The key fact that the Tribunal found ‘fatally undermined’ the ACCC’s theory of harm was that Sea Swift would win all of TML’s large customers either by subcontract or as a result of winning a new contract whether or not the authorisation was granted (paras 248 and 249). In other words, competition wouldn’t be lessened as a result of the merger. It formed this view after considering the evidence in chief and cross-examination of the executives of competitor companies. The Tribunal rejected the evidence of those competitors which claimed they could win major contracts in competition with Sea Swift; and it accepted the oral evidence of those competitors which said they had no plans to compete for any contracts that might become available in the near future.
In its assessment of the likely effect of the proposed acquisition on competition, the Tribunal relied entirely on its assessment of the evidence in chief and cross-examination of industry participants. These prompted its factual findings that Sea Swift would gain all of TML’s key customers with or without the proposed acquisition; and, because of these factual findings based on evidence in chief and cross-examination, the Tribunal decided that it did not need to deal with (i) the premium that Sea Swift was paying and (ii) Sea Swift’s perception that it needed to pay this premium to avoid the risk of not winning TML’s key customers.
The Tribunal stated:
These factual findings fatally undermine much of the ACCC’s theory of harm. On this basis, the Tribunal does not consider that it is necessary to deal with the ACCC’s submission that Sea Swift was willing to enter into the ARASSA on 17 March 2016 and pay a “substantial premium” to avoid the risk of failing to capture the revenue streams from TML’s Largest Contracts. Suffice it to say that as there was no evidence given to the Tribunal of the present value of the vendor note or the shares in Sea Swift which Toll will receive as consideration under the Proposed Acquisition, the foundation for the ACCC’s contention that there was a “substantial premium” was not made out. Further, Sea Swift’s perception of risk without full knowledge of TML’s intentions or the intentions of TML’s Largest Customers, and the amount that it was willing to pay for TML’s assets as a result, is irrelevant to the Tribunal’s evaluation of the impact on competition with and without the Proposed Acquisition. (Para 249)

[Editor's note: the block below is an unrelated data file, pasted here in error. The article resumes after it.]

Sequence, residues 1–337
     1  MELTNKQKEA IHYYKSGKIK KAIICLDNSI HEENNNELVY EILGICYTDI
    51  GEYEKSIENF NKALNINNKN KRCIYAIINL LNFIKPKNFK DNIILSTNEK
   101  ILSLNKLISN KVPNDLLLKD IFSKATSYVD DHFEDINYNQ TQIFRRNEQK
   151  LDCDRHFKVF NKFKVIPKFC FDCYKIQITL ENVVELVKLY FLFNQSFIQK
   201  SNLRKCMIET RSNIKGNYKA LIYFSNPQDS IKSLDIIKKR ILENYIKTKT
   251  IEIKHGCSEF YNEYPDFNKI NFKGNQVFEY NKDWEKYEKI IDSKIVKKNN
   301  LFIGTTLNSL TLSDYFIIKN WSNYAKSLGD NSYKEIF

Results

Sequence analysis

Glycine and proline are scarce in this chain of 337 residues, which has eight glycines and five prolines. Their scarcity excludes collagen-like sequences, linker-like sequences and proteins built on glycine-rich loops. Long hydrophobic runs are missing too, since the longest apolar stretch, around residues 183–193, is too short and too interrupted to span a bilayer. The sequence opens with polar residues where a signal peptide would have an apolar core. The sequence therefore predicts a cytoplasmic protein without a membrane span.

At the close
In the end, the Tribunal found that it knew more about the competition faced by Sea Swift than did Sea Swift itself. The opinion of Sea Swift (and its private equity owners) in March 2015 was that it had to pay something for the certainty that it would be able to secure all of TML’s major contracts. However, the Tribunal found, as a matter of fact, that Sea Swift was mistaken.
Although the Tribunal characterised its reasoning as facts fatally undermining theory, the truth is more subtle. The ‘facts’ found by the Tribunal were based on its assessment of the evidence in chief and cross-examination of business executives. On the basis of accepting some of this evidence and rejecting others, it decided on ‘facts’ which made the magnitude of the premium and the reasons paid for the premium to be irrelevant.
Early competition cases in Australia often reflected tension between the approaches of lawyers and those of economists. This tension largely disappeared over the years as lawyers and economists came to understand each other’s reasoning. However, the decision of the Tribunal in Sea Swift shows that remnants of the tension remain.